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Ideally, one factory’s more-efficient production method would result in a larger economic pie that would be fairly distributed amongst everyone.

In practice, especially when you consider regional trade barriers and the lack of perfect and instantaneous wealth redistribution, many people care about factors such as, “will my friends and family still have economic opportunity if this factory is offshored?”

This concern may at first seem like nationalism or nativism, but through a bit of moral algebra we’ll reveal it as that blessed market motive of rational self-interest. Put simply, factory workers in foreign countries won’t help raise your children, watch over you in times of ill health, or take care of you in old age. In the United States, such aid is also unlikely to come from the anonymous shareholders and C-level executives who’ll reap the main economic benefits of any offshoring.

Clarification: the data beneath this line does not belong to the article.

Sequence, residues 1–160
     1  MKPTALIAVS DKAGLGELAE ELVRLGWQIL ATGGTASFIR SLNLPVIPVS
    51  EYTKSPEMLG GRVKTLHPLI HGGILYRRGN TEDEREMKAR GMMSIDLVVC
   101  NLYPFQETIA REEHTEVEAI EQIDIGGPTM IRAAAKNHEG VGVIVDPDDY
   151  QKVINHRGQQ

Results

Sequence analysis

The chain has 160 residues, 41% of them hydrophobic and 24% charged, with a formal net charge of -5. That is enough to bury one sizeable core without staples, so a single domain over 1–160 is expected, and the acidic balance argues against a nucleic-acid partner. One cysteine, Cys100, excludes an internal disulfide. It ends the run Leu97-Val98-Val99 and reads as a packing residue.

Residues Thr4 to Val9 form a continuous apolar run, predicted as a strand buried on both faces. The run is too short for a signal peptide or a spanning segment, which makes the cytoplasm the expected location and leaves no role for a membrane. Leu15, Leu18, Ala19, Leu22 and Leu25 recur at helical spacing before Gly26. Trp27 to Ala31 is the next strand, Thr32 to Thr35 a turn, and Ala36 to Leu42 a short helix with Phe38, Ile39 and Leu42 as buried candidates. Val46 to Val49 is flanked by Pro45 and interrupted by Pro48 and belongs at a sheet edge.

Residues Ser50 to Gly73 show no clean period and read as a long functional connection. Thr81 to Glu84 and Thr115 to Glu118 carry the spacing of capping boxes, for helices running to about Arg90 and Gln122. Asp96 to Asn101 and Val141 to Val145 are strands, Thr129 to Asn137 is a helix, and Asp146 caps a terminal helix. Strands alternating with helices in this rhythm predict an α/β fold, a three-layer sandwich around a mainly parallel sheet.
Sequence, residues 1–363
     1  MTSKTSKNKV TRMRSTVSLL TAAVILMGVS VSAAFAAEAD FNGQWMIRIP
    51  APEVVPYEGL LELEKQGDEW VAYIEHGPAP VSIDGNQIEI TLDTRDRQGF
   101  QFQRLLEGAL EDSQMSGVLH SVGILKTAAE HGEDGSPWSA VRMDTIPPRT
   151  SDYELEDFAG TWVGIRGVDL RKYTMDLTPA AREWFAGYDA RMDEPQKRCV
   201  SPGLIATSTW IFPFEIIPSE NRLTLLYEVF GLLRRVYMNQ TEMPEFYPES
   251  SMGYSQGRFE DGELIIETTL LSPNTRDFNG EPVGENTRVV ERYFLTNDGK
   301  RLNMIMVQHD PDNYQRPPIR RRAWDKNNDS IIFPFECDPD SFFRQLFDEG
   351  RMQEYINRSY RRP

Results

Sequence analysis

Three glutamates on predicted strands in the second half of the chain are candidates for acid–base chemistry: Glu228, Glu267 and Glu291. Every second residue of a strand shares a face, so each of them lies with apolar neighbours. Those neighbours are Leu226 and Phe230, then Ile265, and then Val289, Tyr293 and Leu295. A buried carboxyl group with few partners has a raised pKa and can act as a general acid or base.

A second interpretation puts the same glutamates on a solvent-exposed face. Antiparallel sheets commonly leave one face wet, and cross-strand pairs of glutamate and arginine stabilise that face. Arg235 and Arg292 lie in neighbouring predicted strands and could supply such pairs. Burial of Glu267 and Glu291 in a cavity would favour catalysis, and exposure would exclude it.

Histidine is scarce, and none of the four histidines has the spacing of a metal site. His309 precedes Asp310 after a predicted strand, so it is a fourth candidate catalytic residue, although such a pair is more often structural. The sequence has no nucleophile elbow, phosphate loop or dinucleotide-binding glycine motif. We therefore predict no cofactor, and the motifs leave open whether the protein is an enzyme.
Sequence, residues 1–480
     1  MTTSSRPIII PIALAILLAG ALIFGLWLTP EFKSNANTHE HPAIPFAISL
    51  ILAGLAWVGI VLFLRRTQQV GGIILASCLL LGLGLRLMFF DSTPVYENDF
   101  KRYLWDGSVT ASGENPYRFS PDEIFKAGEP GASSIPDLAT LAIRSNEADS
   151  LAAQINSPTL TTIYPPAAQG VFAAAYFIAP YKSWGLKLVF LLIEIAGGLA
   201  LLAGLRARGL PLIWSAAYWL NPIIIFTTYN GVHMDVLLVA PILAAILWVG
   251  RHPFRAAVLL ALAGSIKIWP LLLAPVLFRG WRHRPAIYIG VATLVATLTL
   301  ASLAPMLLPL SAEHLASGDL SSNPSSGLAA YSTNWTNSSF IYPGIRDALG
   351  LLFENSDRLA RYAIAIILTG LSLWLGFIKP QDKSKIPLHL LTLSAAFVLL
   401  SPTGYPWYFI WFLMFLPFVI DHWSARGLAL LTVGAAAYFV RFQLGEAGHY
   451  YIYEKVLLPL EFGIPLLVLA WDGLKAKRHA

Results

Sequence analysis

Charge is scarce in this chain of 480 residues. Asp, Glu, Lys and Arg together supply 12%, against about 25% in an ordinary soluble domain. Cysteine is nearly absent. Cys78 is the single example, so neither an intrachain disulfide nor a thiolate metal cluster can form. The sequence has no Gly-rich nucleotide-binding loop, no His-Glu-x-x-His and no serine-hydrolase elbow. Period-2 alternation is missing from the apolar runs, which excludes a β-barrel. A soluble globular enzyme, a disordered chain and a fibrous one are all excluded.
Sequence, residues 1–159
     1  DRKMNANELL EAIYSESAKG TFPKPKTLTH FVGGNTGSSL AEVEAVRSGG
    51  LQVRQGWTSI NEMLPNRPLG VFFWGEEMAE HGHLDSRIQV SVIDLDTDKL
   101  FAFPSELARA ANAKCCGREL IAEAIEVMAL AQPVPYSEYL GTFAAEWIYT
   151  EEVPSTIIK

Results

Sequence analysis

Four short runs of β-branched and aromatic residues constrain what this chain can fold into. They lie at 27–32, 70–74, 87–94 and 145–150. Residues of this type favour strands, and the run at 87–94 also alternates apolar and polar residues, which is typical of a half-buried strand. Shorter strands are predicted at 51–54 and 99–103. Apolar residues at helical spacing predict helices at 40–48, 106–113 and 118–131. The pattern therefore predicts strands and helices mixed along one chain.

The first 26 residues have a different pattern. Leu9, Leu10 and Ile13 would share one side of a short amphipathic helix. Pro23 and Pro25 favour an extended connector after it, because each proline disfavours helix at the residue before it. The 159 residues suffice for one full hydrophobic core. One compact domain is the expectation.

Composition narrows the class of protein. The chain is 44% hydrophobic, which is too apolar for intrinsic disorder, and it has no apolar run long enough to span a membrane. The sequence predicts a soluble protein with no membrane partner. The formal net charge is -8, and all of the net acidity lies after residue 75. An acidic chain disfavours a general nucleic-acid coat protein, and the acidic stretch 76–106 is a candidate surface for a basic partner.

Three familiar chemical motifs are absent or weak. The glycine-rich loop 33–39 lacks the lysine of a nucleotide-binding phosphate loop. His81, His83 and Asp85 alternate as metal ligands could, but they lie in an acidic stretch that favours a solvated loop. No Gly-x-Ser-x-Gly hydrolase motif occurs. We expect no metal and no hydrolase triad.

These incentives aren't enough for any single rational actor to change their behavior.

At the national level, sure, there's an argument for protectionism. But, not at the individual level as whenchamenia suggested.




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